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Student Retention in Distance Learning: Why do Students Drop Out?

One of the biggest challenges facing the field of Distance Education is student retention. Do students drop their courses because of busy schedules? Family and career demands? Or because of an instructor's teaching methods? These are crucial questions for those involved in this field.

Administrators are scrambling to establish procedures that can keep pace with the fast growth in distance learning. There is a need to establish methods that will keep students enrolled in their courses, right through to completion. By helping students develop ways to overcome the obstacles that cause them to give up their educational goals, distance learning administrators are able to create a supportive, staying environment.

A combination of factors have increased the number of non-traditional students pursuing their education. Employers are demanding higher educational requirements for entry-level positions as well, people are living longer and seeking educational experiences later in life for job advancement, self-improvement and general interest.

Non-traditional students defy easy categorization. The characteristics that make up this group are constantly changing: women and men experience different needs, the needs of a single student versus the needs of students with families and older students have different needs than younger students.

The semi-retirement period of the baby-boomer generation has also contributed to increasing the average age of the typical non-traditional student, creating new and distinctive needs to be met. Contrary to what most people believe, these older students are less likely to drop a course than younger students. Older students have more-defined goals and are used to dealing with the independent nature of the work, but may drop courses with poor instruction or technical support.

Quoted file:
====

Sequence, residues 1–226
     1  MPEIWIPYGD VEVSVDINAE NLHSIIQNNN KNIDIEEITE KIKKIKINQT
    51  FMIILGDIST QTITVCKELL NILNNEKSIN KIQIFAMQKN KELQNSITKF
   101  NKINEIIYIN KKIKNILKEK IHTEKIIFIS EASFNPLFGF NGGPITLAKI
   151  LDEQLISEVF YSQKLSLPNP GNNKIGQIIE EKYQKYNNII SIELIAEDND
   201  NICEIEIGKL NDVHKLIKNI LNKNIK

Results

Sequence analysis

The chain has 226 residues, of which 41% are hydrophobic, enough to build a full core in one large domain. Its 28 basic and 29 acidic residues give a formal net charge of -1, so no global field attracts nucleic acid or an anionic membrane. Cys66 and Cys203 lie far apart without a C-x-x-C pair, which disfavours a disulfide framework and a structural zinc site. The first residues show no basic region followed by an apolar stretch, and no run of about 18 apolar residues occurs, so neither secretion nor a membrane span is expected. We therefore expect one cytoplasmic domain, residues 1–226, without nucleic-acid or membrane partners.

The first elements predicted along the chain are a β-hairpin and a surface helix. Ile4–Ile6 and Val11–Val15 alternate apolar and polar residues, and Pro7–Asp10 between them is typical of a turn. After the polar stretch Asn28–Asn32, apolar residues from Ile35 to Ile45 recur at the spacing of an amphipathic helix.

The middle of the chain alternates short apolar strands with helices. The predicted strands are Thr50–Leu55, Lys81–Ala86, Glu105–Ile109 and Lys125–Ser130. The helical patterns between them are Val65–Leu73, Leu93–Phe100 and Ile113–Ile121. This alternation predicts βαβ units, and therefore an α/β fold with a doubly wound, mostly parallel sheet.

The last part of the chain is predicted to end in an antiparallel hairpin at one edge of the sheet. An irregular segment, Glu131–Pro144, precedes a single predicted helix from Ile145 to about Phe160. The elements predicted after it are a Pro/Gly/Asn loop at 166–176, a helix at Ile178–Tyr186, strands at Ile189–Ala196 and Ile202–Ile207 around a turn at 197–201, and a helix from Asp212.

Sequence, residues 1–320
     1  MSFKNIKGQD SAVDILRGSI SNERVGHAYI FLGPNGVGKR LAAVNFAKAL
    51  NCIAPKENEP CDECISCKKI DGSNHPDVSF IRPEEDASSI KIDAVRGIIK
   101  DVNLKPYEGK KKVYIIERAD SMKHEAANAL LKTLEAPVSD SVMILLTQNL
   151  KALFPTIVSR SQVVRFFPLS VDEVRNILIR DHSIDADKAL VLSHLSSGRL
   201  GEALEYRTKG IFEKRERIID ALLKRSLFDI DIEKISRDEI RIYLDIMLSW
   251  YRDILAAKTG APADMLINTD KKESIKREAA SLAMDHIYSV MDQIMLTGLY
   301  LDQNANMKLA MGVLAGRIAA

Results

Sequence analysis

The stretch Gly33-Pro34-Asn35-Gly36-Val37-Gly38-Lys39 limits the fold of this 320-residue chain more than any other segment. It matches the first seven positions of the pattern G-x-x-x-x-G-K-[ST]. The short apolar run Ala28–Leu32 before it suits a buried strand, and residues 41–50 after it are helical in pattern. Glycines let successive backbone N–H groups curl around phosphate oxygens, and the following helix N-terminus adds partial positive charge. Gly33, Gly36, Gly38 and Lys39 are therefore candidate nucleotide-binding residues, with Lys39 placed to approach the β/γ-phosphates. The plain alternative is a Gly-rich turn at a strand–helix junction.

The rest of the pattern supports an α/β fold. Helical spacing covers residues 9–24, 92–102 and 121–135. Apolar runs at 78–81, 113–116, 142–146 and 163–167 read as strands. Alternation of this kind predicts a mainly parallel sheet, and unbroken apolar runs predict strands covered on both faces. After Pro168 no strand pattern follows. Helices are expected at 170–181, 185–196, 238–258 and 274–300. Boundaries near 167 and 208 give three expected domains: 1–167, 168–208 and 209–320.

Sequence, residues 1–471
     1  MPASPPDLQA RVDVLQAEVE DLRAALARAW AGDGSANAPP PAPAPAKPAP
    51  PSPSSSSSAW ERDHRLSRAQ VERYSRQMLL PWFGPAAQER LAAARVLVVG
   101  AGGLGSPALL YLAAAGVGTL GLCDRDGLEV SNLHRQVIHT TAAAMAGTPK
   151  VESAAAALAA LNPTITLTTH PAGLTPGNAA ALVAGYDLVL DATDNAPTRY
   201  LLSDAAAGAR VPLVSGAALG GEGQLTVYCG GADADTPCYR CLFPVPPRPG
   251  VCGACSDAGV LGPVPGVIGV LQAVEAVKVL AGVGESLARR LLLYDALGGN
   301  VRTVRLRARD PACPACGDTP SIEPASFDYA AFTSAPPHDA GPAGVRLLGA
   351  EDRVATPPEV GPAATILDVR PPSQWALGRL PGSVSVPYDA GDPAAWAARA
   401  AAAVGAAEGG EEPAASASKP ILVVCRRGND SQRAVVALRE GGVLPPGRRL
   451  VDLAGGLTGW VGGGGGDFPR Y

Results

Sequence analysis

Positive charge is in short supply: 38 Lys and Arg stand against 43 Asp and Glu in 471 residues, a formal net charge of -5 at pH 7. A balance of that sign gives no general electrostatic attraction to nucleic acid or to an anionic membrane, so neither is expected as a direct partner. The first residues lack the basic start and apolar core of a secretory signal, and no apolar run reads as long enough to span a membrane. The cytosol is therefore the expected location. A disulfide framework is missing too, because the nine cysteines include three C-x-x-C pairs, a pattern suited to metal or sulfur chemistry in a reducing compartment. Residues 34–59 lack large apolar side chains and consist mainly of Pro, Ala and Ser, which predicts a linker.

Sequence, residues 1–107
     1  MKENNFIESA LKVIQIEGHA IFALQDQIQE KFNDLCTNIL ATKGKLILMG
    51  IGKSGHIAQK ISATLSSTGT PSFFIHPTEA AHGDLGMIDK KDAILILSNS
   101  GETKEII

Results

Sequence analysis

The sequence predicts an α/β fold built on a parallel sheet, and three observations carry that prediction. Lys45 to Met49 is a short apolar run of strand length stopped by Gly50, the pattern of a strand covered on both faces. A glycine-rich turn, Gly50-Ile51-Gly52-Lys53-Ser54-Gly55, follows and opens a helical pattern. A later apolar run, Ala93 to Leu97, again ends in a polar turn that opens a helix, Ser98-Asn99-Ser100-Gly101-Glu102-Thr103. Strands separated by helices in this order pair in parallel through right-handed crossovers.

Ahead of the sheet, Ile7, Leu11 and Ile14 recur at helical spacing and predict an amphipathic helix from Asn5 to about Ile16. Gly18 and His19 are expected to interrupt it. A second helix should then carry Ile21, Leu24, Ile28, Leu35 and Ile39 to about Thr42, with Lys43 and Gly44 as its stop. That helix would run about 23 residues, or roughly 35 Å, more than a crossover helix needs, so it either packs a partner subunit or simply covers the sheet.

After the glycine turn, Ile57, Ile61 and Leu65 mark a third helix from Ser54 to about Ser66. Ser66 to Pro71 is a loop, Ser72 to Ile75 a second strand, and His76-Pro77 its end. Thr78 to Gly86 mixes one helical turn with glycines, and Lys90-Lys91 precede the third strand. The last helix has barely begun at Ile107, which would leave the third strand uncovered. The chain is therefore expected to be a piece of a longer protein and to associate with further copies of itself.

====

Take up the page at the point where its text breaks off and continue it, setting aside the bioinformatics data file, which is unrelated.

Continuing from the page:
While distance learning caters to a broad student demographic, the majority of distance education students leave because their lives suddenly become very busy, and they feel overwhelmed. In many cases, education is often the easiest thing to let go, as it only affects the student. Depending on the delivery method of the course, students may also be forced to leave because of a change in job location, the transfer of a spouse, and new family demands.

A strong contribution to student retention appears to be a positive student-faculty relationship. Establishing direct contact with students and making them aware of the requirements of a distance learning course is essential. Successful instructors keep students interested through frequent e-mails, prompt responses, regular hours during which they can be contacted, and adding personal touches such as photos and graphics to lessons. All of these elements contribute to developing a direct bond between distance-learner and instructor.

Distance education administrators are also now requiring instructors to have a plan on how they intend to incorporate retention strategies into their class and encourage more student participation in study groups, collaborative projects, etc. Many instructors are also given the power to make flexible deadlines for students struggling to balance their studies with other commitments. This enables the instructor to lessen some of the burden the students feel, and hopefully keep them enrolled in the class.

Others in the field of distance learning believe that institutions are moving to a point where students may be tested and matched to the delivery method best suited to their learning style, life demands and educational goals, contributing to higher retention rates.

As instructors become accustomed to teaching with the constantly changing technology used for distance education and this learning medium improves, many administrators are optimistic that their retention rates will rise.

Only time and technology will give us the answer, but the battle against student retention in distance education has begun.

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